The person who wishes to take care of his health should inhale herbal smoke daily to treat or to prevent the onset of diseases of the parts above the shoulders, arising from – increase of Kapha and Vata. There are different types based on nature of drug, dosha targeted and expected action. These are Snigdha/ Prayogika, Shamana/ Madhyama and Vairechanika dhuma. Dhoomavati or a wick of about 12 angula in length, prepared by soaking and smearing paste of medicaments and sun drying, is to be used. The wick is lit and fumes are to be inhaled from one nostril (keeping the other nostril closed) and immediately exhaled through the mouth. The same is done through the other nostril too. The number of inhalations is based on the strength of the medicines, condition of the person, associated disorders etc.
Benefits of habitual inhalation of medicated dhuma include freedom from Kaasa (cough), Shwasa (dyspnoea), Peenasa (rhinitis), disorders of voice, Halutosis (foul smelling mouth), pallor of the face, hair issues, discharges from nose and ear, itching, pain and in activities – loss of function of the ears, mouth and eyes; stupor and hiccups.
Dhumapana and hridaya: This method is contraindicated in bleeding disorders (raktapitta), urdhwa gati (vilomatwa) of vata, pandu etc. These conditions are directly related to the hridaya. Vilomatwa leads to vikruti of prana, udana along with vyana vata (raktapitta conditions). It also reduces the strength of hridaya marma. Over or improper use of dhuma leads to mada, moha, murcha (loss of conciousness) etc, which are again linked to circulation and pumping of the heart. However, use of dhumapana and nasya is indicated to be made use of in cases of unresponsive patient and comatose conditions (to revive).
Nasal drug administration has been used as an alternative route for the systemic availability of drugs restricted to intravenous administration. This is due to the large surface area, porous endothelial membrane, high total blood flow, the avoidance of first-pass metabolism, and ready accessibility. Drugs are cleared rapidly from the nasal cavity after intranasal administration, resulting in rapid systemic drug absorption1. In line with Ayurveda concept of dhumapana, there are many medications which are inhaled in contemporary science such as gaseous anaesthesia, inhalers for respiratory conditions etc. Medications administered through inhalation are dispersed via an aerosol spray, mist, or powder that patients inhale into their airways. Although the primary effect of inhaled medications is respiratory, there are likely to be systemic effects as well2.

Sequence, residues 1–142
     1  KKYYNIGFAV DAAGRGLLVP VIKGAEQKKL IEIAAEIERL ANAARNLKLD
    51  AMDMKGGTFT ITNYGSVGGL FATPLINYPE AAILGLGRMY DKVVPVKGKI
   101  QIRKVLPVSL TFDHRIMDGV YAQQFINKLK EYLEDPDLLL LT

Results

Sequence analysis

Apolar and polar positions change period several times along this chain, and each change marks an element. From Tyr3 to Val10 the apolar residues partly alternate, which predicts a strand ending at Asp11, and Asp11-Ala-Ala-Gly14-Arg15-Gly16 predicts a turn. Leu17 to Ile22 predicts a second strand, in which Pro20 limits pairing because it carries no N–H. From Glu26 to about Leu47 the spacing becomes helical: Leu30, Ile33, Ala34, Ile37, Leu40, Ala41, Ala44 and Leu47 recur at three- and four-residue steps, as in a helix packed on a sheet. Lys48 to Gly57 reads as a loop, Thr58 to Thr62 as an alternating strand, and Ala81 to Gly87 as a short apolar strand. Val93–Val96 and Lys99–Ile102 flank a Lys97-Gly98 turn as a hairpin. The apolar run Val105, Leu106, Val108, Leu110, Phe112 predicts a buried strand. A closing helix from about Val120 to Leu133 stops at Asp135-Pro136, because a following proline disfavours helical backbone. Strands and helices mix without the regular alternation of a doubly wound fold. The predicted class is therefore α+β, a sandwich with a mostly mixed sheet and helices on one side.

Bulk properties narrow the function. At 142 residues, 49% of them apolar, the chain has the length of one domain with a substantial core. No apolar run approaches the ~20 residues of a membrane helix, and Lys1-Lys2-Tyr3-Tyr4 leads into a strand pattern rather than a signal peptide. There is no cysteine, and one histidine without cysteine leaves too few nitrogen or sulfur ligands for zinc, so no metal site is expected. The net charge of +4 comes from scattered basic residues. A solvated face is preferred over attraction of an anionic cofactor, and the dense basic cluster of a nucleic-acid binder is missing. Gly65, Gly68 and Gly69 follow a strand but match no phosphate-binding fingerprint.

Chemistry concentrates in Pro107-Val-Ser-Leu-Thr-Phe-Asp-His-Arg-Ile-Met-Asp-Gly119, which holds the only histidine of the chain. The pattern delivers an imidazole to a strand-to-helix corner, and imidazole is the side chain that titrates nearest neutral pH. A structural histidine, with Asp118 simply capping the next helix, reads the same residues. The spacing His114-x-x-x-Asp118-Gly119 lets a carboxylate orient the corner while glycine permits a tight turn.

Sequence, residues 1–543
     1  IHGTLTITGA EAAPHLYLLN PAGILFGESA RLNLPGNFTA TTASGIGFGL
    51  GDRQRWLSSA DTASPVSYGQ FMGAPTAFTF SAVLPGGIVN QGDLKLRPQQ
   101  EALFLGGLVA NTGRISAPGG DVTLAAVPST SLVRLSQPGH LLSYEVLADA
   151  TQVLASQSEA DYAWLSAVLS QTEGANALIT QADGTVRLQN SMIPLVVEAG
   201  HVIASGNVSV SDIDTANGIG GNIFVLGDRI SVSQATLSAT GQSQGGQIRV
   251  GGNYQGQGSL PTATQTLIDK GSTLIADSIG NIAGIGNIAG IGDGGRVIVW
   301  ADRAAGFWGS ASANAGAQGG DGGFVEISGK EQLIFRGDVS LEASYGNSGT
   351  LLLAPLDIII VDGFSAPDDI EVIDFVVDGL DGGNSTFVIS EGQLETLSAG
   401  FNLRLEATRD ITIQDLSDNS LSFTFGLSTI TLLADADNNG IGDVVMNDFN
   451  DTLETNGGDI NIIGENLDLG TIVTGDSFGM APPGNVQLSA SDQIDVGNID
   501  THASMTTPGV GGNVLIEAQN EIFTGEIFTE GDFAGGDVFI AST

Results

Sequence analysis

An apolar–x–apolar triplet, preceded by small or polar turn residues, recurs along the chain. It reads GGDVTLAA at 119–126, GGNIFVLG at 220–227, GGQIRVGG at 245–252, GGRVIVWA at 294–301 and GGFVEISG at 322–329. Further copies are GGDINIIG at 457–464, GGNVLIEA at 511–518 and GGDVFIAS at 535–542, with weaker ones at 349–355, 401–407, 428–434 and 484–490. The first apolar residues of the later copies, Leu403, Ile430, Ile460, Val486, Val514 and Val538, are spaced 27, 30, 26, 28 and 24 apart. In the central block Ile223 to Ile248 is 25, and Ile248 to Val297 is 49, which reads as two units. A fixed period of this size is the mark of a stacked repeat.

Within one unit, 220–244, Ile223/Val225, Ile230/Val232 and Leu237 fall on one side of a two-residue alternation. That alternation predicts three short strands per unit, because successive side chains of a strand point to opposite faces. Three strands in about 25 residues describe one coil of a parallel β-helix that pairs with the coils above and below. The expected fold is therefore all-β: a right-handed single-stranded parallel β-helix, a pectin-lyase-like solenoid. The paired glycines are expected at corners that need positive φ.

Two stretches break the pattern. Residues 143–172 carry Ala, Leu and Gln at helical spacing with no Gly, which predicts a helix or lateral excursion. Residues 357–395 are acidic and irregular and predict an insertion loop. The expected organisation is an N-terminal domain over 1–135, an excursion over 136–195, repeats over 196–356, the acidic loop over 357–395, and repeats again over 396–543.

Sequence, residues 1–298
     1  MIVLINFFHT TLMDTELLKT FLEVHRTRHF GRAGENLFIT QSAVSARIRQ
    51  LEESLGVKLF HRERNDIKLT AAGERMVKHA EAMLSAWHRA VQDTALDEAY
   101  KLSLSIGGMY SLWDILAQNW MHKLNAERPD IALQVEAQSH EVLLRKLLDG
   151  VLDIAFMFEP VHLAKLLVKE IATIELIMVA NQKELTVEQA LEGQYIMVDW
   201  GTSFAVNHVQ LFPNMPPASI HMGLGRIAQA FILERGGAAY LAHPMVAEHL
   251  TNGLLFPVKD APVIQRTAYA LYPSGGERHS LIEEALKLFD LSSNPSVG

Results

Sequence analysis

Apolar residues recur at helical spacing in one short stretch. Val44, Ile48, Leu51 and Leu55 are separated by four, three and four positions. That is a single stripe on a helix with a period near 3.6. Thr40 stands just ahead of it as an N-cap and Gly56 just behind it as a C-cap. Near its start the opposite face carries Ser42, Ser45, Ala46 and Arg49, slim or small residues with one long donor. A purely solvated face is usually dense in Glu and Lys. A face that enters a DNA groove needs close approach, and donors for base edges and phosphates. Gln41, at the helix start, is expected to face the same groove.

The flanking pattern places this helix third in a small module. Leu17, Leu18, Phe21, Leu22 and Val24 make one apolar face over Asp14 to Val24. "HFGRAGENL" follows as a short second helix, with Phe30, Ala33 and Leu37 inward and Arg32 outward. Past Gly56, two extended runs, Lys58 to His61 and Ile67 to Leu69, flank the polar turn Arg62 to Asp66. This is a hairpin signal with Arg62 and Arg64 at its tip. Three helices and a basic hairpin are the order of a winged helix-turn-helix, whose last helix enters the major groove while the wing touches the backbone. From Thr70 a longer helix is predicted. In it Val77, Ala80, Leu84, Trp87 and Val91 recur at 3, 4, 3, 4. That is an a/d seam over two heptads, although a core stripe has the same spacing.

Heart conditions like hypertension (high blood pressure) and congestive heart failure can cause Epistaxis or simply nosebleeds, as can hypertensive crisis — a sudden, rapid increase in blood pressure that may be accompanied by a severe headache, shortness of breath, and anxiety3. Blood thinners (anticoagulants) commonly used in cardiac disorders are also seen to cause nosebleeds. The link between chronic inflammatory disease and cardiovascular disease (CVD) is recognized. Chronic rhino sinusitis is one of the most common chronic inflammatory diseases4. In some hereditary disorders such as haemorrhagic telangiectasia (arteriovenous malformations or telangiectasia in multiple organ), cardiac involvement through high-output cardiac failure significantly increases the nose bleed than in patients without the heart disease5.
The use of nasya and dhumpana daily is indirectly linked to hridaya. These procedures keep the respiratory tract clean; aid the sensory organs whilst maintaining the natural gati of vata. A clean nose and a clear conscience keep the hridaya healthy in the long term.
Spoorthy S Naik
Ayurvedic Cardiac Consultant
Sriranga Ayurveda Chikitsa Mandira, Dattagalli, Mysore.